Monday, December 15, 2014

Layer Upon Layer of Wicked Cool

This one had me all stirred up the moment I saw it, for several reasons:

For starters, just look at this thing. The barrel is enameled metal and looks more like a cartridge from a machine gun than it does a pencil. Starting at the nose, the cone screws off to reveal something pretty close to an Autopoint or Dur-O-Lite:

Except with this example, the only way to advance the lead is by removing the nose and manually screwing that rod a little farther into the nose . . . there’s nothing inside the barrel to engage the end of that threaded pushrod.

Working up the barrel, there’s a paper label or decal that tells a bit more of the story:

"Adding Pencil Co. / St. Louis, Mo. U.S.A. / Patent Applied For." And the name is repeated on that clip. That clip! Holy cow, what a clip!

Now let’s get to the next level of cool -- this pencil came complete in the box with instructions:

Granted, a disturbing proportion of these instructions explain how using this device is easier than just adding numbers in your head . . . or on a piece of paper with a pencil that doesn’t have all this baggage attached. Sure, there’s quite a bit of Rube Goldberg wrapped up in this one, but after I read the directions I did figure out how it’s supposed to work.

Say you want to add seven to the total. Holding the pencil’s nose with your left hand, see what letter lines up with the number 7, then turn the barrel until that letter lines up with zero – at the top, the number 7 will appear in the window:

After that, you can then continue to add number after number the same way, and ratchets inside the pencil will carry the one for you each time the zero passes by. The disks on this pencil will count up to 209 – but it only adds numbers less than 10. Useless? Maybe a little bit, but it does work like a charm. And cool? You bet – and on the next level of cool, even a little more cool than its relatives:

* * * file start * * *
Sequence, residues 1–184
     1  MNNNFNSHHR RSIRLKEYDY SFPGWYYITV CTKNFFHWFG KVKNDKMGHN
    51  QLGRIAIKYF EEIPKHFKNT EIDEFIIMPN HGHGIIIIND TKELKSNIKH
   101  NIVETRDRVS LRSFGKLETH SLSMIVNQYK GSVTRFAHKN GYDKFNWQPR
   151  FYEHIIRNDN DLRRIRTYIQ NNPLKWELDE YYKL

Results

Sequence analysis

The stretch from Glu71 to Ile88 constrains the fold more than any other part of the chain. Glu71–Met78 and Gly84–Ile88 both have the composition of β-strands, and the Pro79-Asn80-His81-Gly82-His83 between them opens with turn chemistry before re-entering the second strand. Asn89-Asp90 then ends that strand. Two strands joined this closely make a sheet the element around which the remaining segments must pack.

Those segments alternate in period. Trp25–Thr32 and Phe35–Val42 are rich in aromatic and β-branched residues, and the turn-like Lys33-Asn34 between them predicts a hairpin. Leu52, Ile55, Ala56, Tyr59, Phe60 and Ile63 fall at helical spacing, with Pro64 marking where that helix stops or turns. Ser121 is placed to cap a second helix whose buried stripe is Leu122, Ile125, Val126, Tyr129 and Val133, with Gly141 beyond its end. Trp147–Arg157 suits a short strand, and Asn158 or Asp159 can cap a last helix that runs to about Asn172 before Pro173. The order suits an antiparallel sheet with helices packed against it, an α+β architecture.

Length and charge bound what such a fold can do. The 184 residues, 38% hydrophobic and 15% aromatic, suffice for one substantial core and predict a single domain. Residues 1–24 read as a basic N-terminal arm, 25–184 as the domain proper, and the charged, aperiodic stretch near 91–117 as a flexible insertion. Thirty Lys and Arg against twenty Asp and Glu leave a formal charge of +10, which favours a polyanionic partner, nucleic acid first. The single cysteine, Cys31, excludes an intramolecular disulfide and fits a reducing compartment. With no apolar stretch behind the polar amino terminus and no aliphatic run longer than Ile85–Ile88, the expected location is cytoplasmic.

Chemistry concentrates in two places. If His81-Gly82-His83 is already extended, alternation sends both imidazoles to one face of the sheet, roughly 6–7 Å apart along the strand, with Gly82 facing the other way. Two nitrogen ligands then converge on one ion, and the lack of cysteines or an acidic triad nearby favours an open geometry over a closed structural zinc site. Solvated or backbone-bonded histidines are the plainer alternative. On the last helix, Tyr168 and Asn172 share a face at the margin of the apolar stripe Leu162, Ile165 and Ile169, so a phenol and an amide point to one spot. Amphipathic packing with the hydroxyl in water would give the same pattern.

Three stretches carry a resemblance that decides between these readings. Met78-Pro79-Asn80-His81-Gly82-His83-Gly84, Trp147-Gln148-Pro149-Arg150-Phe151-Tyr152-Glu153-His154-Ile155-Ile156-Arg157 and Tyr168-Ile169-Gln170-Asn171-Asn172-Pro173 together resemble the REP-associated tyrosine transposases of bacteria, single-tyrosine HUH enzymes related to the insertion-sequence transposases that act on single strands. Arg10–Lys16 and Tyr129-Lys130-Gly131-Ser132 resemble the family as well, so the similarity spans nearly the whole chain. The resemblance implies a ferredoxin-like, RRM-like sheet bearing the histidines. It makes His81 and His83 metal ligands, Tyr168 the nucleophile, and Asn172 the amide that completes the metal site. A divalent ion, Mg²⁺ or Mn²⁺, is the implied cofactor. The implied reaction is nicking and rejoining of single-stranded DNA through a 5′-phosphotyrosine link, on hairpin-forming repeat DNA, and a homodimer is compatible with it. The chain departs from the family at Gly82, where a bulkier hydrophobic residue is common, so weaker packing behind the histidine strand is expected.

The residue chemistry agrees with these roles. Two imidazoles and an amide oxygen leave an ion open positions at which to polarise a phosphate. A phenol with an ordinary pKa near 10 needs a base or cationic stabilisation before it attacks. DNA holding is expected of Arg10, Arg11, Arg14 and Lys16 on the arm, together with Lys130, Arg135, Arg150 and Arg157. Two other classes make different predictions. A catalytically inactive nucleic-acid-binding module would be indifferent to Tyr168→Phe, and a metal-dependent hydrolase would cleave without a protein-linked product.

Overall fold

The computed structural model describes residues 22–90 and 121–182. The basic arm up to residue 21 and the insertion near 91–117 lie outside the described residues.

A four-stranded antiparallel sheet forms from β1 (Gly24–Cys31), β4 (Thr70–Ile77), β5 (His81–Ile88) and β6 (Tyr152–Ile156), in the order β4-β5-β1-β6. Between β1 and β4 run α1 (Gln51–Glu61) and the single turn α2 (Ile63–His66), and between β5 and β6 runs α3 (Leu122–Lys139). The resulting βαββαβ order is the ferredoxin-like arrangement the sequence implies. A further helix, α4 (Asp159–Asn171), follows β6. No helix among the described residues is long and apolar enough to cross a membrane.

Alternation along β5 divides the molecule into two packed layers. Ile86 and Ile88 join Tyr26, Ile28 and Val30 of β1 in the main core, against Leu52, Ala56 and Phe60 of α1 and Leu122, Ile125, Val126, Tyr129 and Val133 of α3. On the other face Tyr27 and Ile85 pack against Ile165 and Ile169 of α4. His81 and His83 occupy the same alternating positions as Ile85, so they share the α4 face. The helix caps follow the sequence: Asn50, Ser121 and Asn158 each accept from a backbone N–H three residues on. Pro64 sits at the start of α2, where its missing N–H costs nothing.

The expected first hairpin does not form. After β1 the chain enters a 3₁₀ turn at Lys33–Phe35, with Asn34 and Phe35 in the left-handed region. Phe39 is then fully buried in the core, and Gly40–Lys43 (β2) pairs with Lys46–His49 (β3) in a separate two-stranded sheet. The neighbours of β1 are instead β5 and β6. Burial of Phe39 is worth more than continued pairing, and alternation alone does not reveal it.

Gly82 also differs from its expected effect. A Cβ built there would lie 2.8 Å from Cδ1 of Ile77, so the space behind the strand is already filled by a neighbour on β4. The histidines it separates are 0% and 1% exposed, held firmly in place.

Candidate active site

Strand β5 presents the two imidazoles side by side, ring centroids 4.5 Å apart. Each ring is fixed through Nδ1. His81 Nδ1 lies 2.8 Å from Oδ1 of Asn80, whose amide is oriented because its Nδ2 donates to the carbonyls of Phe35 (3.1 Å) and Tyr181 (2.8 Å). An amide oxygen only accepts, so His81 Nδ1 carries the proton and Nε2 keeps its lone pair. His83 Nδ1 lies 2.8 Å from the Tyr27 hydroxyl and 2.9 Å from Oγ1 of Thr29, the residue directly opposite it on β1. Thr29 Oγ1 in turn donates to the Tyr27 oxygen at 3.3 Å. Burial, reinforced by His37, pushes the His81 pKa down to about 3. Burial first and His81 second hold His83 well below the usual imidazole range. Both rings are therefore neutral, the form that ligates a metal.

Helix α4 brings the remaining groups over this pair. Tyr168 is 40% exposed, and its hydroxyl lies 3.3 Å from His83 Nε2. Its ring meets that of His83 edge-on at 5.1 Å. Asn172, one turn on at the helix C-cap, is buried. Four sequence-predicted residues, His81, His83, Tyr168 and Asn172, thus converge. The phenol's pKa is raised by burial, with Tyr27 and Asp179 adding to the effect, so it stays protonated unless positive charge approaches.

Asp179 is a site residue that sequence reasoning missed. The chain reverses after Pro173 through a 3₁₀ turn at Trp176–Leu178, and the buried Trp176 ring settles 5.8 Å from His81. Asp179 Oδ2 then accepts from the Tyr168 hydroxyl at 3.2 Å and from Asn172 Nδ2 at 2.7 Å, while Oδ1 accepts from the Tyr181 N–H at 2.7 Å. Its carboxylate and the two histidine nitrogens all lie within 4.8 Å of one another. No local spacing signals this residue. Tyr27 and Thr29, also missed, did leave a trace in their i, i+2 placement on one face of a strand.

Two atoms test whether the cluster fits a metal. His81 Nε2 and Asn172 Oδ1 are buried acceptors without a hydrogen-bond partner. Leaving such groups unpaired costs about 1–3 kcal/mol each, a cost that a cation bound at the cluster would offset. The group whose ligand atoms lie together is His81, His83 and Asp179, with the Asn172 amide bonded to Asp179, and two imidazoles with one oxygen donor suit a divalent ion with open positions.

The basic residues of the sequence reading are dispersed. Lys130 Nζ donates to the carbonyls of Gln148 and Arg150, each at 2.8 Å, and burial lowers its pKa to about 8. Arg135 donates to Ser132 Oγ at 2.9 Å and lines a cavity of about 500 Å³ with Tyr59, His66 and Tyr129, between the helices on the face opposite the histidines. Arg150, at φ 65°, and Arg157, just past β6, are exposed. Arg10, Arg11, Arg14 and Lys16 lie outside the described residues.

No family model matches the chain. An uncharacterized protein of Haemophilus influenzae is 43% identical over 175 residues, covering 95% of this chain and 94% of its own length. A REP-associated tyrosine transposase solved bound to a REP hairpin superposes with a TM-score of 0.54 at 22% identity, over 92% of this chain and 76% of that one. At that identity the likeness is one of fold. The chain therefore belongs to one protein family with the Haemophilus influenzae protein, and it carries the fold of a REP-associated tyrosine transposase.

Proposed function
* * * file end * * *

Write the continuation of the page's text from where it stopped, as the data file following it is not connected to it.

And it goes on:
That’s the "Houk Adding Pencil" from page 90 of The Catalogue and featured here about three years ago ( and an unmarked adding pencil with many of the same characteristics that I believe was made by the same folks as made the Houk (

That decal on the barrel of the Houk Adding Pencil Co. is just like the one on the Adding Pencil Company, and since they both originate from St. Louis, there’s just too many similarities not to conclude that there was some relationship between the two.

Which brings me to the next level of what’s cool here. About all I know about the Houk is that it was probably made in the 1920s or so – I’ve never been able to find out anything about a "Houk Adding Pencil Co.." But when I searched for just an "Adding Pencil Company" in St. Louis, I found it. And it was much, much earlier than I expected:

This article, from the August 5, 1876 issue of Scientific American, profiles the latest new thing: a "recently patented adding pencil, the device of Messrs. Smith & Potts, of Verdi, Nevada." "For further information," the article concludes, "address the Adding Pencil Company, St. Louis, Mo."

I also found an advertisement for the new pencil, which appeared in an 1878 issue of Scribner’s Monthly (it’s hard to tell which one, because in the process of scanning the periodical some of the pages, including this one, got a little scrambled).

Since the Scientific American article mentions a patent date of April 4, 1876, it didn’t take long to find patent number 175,775, issued to Marshall M. Smith and Frederick W. Potts:

And the best and coolest part of all is that you won’t find this patent in my book. Why is that a good thing? Because it brings home again the point that patent research isn’t anywhere near finished. Sure, the patents indexed under the writing instruments classification have been done before, and there’s not likely to be any surprises in that well-trodden territory.

But not this one. Patent number 175,775 isn’t indexed under classification 401, but in class 235, subclass 64; that’s the classification for "Registers: adding pencils." While there is some cross-pollenation in this category, with several of the patents indexed there also being found in classification 401, as for this one and many of the others in this category, no amount of searching in all the right places would turn this one up. In the coming weeks, I’m looking forward to sifting through these to see what else might be lurking in an obscure little corner of the patent office in which I would never have thought to look!

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